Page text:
Monday, January 18, 2010

Reason #967 why I love my husband

Because, despite what might be expected from a small town, country boy who grew up in the deep south knowing only a handful of people who didn't look just like him, he loves people.


And not just people who look like him. In fact, few things make him sicker than that mentality.


He truly values what makes us different. He fights against the culture of the south to value that.


His relationships with family and friends alike reflect that value in his life. He just loves people.


And he believes with all his heart that God created all people well....that they all reflect their Maker in some way, and therefore should be treated with same dignity, love and respect we want to receive from each other.


(This, among other reasons, have led him over the past several months to consider and discuss a possible future here. I'll keep you posted.)


And because this is who he is and what he deeply values, he reads this letter to his students every year about this time. He reads it because they need to hear it.


Sure, he teaches math. And no, this doesn't really have anything to do with math, but he knows that what is written in this letter is important enough.


And necessary enough.


It's his heart.


There hasn't been a time yet that he hasn't had to stop reading at some point to regain his composure.


And for good reason.


If you've never read it before (and even if you have), I hope you take a few seconds to do just that.




Perhaps it is easy for those who have never felt
the stinging darts of segregation
to say,

“Wait.”

But when you have seen vicious mobs lynch your mothers and fathers at will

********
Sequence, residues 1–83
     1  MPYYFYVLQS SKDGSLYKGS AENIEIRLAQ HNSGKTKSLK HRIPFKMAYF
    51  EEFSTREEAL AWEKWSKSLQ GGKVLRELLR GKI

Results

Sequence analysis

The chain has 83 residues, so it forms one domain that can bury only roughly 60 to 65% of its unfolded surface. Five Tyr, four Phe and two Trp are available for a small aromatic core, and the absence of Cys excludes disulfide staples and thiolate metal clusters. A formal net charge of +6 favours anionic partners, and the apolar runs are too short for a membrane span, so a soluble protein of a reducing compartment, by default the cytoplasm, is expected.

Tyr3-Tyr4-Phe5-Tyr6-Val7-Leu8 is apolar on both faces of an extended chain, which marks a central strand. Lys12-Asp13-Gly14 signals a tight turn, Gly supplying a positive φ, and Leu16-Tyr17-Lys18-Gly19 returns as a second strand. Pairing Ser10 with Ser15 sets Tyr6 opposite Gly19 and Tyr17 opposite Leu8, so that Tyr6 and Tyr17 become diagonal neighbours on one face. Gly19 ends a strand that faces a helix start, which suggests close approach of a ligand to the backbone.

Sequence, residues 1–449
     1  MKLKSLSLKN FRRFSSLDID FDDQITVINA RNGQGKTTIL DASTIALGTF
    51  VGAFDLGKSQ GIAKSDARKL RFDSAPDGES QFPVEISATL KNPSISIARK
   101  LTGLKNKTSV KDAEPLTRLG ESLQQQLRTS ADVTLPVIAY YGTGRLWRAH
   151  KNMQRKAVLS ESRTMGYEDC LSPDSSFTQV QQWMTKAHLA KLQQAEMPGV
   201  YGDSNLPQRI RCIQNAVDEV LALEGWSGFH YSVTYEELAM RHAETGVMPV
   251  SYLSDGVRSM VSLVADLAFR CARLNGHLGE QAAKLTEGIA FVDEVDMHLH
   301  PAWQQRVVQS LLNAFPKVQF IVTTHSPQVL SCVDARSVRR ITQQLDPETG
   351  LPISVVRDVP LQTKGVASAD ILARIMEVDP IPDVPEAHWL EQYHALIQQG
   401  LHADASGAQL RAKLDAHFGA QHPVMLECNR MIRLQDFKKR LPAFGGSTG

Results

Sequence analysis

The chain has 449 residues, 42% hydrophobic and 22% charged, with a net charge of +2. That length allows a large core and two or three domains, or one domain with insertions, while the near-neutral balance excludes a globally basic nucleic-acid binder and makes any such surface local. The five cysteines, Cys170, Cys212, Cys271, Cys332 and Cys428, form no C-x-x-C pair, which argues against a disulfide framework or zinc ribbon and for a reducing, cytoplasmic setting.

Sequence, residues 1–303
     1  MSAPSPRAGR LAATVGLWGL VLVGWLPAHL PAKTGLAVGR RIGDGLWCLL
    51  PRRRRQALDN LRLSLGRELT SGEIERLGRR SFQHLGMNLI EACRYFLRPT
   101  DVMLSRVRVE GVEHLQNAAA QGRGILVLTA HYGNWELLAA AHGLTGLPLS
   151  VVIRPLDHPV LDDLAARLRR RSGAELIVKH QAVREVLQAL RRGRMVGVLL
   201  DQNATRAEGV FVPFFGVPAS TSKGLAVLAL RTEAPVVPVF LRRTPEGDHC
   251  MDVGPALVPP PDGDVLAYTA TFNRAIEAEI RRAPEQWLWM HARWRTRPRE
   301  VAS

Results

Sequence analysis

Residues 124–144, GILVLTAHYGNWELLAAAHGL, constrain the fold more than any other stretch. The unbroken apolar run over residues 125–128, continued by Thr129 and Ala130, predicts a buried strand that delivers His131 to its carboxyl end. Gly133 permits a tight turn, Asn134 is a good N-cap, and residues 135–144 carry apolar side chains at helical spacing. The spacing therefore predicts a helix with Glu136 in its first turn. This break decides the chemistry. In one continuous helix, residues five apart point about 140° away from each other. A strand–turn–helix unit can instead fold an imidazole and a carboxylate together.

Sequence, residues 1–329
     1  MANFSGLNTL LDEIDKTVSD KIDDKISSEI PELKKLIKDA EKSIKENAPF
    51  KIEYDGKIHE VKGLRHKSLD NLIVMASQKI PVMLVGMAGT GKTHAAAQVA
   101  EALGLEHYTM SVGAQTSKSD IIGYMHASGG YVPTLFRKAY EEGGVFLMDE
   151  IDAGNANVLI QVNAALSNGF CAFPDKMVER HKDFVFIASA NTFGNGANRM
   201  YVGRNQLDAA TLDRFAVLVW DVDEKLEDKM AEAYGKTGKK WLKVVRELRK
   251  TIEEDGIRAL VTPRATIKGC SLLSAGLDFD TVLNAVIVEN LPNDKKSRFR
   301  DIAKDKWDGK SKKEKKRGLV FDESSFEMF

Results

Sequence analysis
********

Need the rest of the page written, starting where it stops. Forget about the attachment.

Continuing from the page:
and drown your sisters and brothers at whim;

when you have seen hate-filled policeman curse, kick,
and even kill your black brothers and sisters;

when you see the vast majority of your 20 million Negro brothers
smothering in an airtight cage of poverty
in the midst of an affluent society;

when you suddenly find your tongue twisted and your speech stammering
as you seek to explain to your six-year-old daughter why
she cannot go to the public amusement park
that has just been advertised on television,

and see tears welling up in her eyes when she’s told that
Funtown is closed to colored children,

and see ominous clouds of inferiority
beginning to form in her little mental sky,

and see her beginning to distort her personality
by developing an unconscious bitterness toward white people;

when you have to concoct an answer for a five-year-old son who is asking,
“Daddy, why do white people treat colored people so mean?”;

when you take a cross-country drive and find it necessary to sleep
night after night in the uncomfortable corners of your automobile
because no motel will accept you;

when you are humiliated day in
and day out by nagging signs reading
“white” and “colored”;

when your first name becomes
“Nigger,”

your middle name becomes
“boy” (however old you are)

and your last name becomes
“John,”

and your wife and mother are never given the respected title “Mrs.”;

when you are harried by day and haunted by night
by the fact that you are a Negro,

living constantly at tiptoe stance,
never quite knowing what to expect next,

and are plagued with inner fears an outer resentments;

when you are for ever fighting a degenerating sense of “nobodiness” --

then you will understand why we find it difficult to wait.

There comes a time when the cup of endurance runs over,
and men are no longer willing to be plunged into the abyss of despair.

I hope sirs, you can understand our legitimate
and unavoidable impatience.


(M. L. King, Letter from Birmingham Jail)



You can read the full letter here.

2 comments:

Amy A. said...

I'm stealing this for my blog. Hope you don't care :). I've never read this and that is a complete shame considering how many classes I've taken in my life.

Mama Llama said...

love you blog~ don't know why I just now found it! HA And i love that you love your husband for all those reasons.

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